<header className="App-header">
                <h3>Render Component with State and Props using TypeScript</h3>
            </header>
            <div style={{height: "5vh", padding: "1em", margin: "7em"}}>
                <h4>{quoteToDisplay}</h4>
            </div>
            <button onClick={this.getNextQuote}>NEXT QUOTE</button>
        </div>
    }
}
tsx

Call QuoteApp Component

Now <QuoteApp> component is ready to be called. All it needs is an array of quotes. Go to your src/index.tsx file and replace the code in that file with this code.

randomQuotes is an array of strings containing quotes. <QuoteApp> component is called with a prop quotes and its value randomQuotes.

Go to the browser and open http://localhost:3000. You should a quote rendered on the screen, it is the quote at index zero in the quotes array. Each time you click on the button, it displays a new quote.

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import React from 'react';
import ReactDOM from 'react-dom';
import './index.css';
import QuoteApp from './QuoteApp';
import * as serviceWorker from './serviceWorker';

const randomQuotes: string[] = [
    "Before you judge a man, walk a mile in his shoes. After that who cares?... He’s a mile away and you’ve got his shoes!",
    "Better to remain silent and be thought a fool than to speak out and remove all doubt.",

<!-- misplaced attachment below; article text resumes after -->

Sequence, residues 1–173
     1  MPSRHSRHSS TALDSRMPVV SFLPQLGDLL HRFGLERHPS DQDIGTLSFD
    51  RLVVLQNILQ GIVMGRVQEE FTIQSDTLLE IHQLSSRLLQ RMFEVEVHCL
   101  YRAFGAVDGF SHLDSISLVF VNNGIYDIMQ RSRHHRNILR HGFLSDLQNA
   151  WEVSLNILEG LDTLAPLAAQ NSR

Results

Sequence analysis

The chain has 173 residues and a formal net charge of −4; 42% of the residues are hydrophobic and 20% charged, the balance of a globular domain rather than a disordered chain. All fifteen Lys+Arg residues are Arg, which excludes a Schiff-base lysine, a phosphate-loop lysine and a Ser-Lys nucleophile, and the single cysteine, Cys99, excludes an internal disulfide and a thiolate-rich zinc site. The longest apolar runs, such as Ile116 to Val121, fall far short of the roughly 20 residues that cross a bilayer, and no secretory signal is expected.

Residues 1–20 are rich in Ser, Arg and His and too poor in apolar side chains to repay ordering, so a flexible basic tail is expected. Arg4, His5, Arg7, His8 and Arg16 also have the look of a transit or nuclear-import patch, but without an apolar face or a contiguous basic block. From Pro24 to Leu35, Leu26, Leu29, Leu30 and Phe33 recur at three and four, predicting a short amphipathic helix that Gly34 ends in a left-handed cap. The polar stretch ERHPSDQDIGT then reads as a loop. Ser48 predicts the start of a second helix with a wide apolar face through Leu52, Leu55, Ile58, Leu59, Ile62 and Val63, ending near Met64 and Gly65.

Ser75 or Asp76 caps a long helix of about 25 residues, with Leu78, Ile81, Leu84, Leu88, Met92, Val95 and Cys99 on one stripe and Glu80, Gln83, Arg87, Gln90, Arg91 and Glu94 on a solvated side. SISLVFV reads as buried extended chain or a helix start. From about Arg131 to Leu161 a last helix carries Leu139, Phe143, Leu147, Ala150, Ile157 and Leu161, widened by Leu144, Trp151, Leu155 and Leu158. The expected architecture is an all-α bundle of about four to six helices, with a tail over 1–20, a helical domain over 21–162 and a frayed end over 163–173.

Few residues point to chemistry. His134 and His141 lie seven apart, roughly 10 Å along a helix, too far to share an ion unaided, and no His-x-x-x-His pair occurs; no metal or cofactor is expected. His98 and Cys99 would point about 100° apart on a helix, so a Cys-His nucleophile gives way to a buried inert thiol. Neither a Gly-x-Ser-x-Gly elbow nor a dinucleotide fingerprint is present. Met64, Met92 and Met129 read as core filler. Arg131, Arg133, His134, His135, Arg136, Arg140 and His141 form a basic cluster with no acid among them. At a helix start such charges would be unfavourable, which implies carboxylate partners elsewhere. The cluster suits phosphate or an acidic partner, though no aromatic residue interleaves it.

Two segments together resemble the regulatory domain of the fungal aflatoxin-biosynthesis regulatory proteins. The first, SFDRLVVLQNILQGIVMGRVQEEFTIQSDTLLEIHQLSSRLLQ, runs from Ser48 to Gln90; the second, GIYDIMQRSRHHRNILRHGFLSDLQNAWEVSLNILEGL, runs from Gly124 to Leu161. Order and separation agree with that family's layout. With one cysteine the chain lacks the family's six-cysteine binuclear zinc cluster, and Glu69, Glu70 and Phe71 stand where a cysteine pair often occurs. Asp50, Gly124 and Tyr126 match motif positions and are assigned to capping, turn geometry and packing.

"The best thing about the future is that it comes one day at a time.",
    "The only mystery in life is why the kamikaze pilots wore helmets.",
    "Light travels faster than sound. This is why some people appear bright until you hear them speak.",
    "The difference between stupidity and genius is that genius has its limits"
]
ReactDOM.render(
    <React.StrictMode>
        <QuoteApp quotes={randomQuotes}/>
    </React.StrictMode>,
    document.getElementById('root')
);
serviceWorker.unregister();
tsx

Code on GitHub

You can access the entire code for this example on GitHub

Conclusion

You learned how to render a Class Component with state and props using TypeScript. In this code example, we used type alias to declare the prop and state types QuoteProps and QuoteState. This is because both QuoteProps and QuoteState are simple object type literals and strictly constrain the structure of these objects. But you can also make use of TypeScript interface for QuoteProps if there is need of implementing or extending that interface in the code.